Music
6:00 am
Mon June 24, 2013

Old Crow Medicine Show: From Up-And-Comers To Elder Statesmen

Old Crow Medicine Show will perform at The Cotillion Monday evening.
Old Crow Medicine Show will perform at The Cotillion Monday evening.
Credit Courtesy photo

Nashville’s Old Crow Medicine Show has been together for nearly two decades now, earning a reputation as a solid live band and influencing a new generation of American roots musicians.

The band has seen its share of difficulty. Co-founder Chris “Critter” Fuqua left the band in 2004 for personal reasons, taking time to study Medieval literature before re-joining in 2012 just as guitarist Willie Watson exited.

Fuqua says that despite all the changes he’s confident that the band is the best it’s ever been. There’s ongoing touring and, recently, Darius Rucker, of Hootie and The Blowfish fame, covered Old Crow’s most famous song, “Wagon Wheel.”

Fuqua says he couldn’t be happier about the reputation the song has earned.

“That song has been so good to us,” he says. “I think more people know about the song than the band."

The band even got a chance to play the song with Darius Rucker on the Grand Ole Opry.

"His version went to number one," says Fuqua. "That song has had its own kind of life for 15 years. It went gold without radio play and through word of mouth."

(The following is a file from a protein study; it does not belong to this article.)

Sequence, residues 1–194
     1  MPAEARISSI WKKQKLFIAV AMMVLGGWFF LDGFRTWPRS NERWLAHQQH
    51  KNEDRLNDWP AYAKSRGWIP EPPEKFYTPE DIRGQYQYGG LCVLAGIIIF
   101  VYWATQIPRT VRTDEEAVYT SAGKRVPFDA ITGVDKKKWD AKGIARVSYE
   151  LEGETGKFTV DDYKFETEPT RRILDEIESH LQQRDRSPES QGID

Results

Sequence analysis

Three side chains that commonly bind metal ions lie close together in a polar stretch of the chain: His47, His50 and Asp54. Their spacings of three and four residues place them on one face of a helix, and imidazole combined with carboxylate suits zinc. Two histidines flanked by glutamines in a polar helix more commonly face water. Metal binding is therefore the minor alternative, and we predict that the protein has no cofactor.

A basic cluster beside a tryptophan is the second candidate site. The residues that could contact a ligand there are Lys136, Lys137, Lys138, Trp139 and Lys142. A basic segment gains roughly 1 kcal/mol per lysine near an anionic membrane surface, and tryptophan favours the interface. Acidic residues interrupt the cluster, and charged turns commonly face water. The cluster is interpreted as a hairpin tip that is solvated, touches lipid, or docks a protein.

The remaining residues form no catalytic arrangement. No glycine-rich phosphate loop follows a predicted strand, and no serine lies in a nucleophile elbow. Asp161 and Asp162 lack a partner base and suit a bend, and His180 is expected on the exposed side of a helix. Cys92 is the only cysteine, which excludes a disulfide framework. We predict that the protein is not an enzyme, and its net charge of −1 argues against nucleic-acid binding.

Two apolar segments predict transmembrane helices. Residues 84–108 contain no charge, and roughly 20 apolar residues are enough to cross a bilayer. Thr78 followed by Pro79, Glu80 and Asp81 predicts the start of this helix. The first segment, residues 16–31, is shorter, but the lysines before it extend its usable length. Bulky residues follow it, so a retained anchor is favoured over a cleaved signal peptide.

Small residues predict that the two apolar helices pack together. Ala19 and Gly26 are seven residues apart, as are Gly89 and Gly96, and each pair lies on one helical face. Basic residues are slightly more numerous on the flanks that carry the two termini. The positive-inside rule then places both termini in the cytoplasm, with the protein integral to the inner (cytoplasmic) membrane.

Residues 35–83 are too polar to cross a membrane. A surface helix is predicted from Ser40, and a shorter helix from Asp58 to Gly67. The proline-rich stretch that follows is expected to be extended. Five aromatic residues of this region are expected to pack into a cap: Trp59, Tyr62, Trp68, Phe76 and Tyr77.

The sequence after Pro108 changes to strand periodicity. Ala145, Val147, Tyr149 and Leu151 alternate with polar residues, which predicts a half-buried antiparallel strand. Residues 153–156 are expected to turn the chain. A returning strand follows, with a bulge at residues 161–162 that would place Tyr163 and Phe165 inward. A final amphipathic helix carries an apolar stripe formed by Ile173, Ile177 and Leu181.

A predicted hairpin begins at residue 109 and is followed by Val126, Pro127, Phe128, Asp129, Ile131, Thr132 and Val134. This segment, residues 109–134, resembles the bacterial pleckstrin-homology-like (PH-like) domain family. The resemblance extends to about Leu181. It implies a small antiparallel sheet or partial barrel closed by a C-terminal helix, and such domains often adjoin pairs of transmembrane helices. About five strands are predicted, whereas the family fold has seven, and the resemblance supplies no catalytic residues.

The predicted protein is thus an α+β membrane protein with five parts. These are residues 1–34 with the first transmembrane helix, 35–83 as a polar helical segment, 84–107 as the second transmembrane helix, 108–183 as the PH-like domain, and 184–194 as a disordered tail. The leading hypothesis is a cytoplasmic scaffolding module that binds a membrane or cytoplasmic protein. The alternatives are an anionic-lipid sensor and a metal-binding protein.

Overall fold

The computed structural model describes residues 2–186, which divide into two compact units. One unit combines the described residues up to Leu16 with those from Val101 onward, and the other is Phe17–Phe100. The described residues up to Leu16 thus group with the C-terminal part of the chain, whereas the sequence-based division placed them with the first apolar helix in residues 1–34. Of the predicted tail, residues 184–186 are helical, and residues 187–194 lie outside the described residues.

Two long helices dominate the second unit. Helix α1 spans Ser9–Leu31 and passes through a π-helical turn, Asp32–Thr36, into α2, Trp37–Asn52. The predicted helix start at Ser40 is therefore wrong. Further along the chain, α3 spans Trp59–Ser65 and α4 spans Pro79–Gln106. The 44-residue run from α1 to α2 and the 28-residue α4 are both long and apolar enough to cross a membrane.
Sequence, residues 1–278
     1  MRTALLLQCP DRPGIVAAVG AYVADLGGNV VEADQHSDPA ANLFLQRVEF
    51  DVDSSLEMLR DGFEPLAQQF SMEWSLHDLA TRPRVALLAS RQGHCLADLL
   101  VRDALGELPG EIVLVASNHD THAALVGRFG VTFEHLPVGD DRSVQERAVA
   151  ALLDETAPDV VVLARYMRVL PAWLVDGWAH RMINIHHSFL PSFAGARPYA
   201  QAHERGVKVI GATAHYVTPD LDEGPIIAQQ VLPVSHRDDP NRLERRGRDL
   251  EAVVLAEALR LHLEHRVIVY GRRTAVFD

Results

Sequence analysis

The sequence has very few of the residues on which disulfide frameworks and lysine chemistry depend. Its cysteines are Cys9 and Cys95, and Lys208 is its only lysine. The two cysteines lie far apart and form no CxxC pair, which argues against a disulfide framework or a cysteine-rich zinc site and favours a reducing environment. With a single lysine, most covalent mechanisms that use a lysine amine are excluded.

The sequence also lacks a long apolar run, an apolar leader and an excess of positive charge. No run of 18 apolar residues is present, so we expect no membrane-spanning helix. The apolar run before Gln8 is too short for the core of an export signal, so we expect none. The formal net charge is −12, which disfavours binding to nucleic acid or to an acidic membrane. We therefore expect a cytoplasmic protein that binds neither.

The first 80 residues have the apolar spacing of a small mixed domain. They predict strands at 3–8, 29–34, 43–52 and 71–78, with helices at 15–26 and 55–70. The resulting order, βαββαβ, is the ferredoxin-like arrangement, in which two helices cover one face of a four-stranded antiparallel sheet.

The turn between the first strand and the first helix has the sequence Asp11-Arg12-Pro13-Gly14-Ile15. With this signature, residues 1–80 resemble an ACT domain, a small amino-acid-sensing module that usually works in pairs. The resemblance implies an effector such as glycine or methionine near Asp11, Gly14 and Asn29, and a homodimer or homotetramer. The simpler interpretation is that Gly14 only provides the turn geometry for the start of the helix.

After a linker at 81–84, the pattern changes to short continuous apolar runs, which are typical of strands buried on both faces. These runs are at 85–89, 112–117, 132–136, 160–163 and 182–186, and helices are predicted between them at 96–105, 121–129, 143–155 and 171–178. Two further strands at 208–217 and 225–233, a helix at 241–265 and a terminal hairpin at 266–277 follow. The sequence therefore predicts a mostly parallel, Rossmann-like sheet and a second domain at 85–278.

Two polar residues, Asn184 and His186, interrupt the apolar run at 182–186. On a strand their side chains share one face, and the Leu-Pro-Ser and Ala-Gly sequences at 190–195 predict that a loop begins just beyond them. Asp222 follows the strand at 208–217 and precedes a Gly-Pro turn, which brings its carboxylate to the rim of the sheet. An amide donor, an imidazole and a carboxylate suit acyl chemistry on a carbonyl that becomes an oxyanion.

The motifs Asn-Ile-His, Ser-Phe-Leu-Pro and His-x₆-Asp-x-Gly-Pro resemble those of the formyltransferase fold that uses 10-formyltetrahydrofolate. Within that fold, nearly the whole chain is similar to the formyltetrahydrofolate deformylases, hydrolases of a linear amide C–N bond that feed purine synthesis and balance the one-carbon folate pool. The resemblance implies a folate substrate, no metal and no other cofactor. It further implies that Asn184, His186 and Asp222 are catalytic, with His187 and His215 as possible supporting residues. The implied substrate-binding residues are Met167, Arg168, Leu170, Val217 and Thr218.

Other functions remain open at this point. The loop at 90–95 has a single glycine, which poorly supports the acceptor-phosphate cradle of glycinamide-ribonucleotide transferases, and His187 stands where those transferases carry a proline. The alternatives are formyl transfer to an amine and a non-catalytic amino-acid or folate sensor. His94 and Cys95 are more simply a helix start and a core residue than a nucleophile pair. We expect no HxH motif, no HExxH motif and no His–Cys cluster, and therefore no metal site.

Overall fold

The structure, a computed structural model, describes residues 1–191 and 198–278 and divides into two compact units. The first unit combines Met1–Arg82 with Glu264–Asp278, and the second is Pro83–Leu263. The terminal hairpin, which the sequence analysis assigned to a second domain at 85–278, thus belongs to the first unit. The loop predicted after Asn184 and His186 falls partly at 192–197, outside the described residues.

The group has played the Grand Ole Opry many times in its career and Fuqua says the band’s origins as a busking outfit prepared the members well for an appearance at that hallowed hall. Busking, he says, didn’t just make the band members better musicians, it made them better entertainers.

“I think as a musician it gives you stamina,” he says. “It gives you the ability to play out to the people, almost like an old Shakespearean actor is taught to speak to the back of the house. You have to be a showman on the street. I don’t think you can just go and play some chords or a song. It’s gotta be a show.”

Fuqua says that the band’s longtime home of Nashville has also nurtured some friendships, including an ongoing one with television show host and musician Marty Stuart. But the band has also, thanks to its veteran status, been able to inspire a new generation of musicians. Something Fuqua says he and his bandmates cherish.

“We’ve influenced a lot of people I think and it’s really cool to see," he says. I’m humbled by it. I know Mumford and Sons has pointed to us as influences and they’re at the top of their game."

Old Crow Medicine Show performs at The Cotillion Ballroom Monday evening with opening act Parker Millsap